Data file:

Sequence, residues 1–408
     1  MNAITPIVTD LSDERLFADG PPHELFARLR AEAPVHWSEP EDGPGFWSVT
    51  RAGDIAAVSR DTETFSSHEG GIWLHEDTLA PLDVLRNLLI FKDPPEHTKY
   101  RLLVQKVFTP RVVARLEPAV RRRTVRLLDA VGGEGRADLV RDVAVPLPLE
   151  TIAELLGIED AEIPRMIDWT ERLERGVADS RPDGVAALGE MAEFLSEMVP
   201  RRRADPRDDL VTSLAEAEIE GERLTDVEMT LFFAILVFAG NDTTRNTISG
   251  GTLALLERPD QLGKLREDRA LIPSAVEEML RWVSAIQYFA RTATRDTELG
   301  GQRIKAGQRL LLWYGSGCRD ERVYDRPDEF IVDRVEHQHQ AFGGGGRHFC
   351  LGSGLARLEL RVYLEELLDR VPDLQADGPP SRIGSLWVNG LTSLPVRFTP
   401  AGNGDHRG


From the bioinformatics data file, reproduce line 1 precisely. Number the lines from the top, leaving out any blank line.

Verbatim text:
Sequence, residues 1–408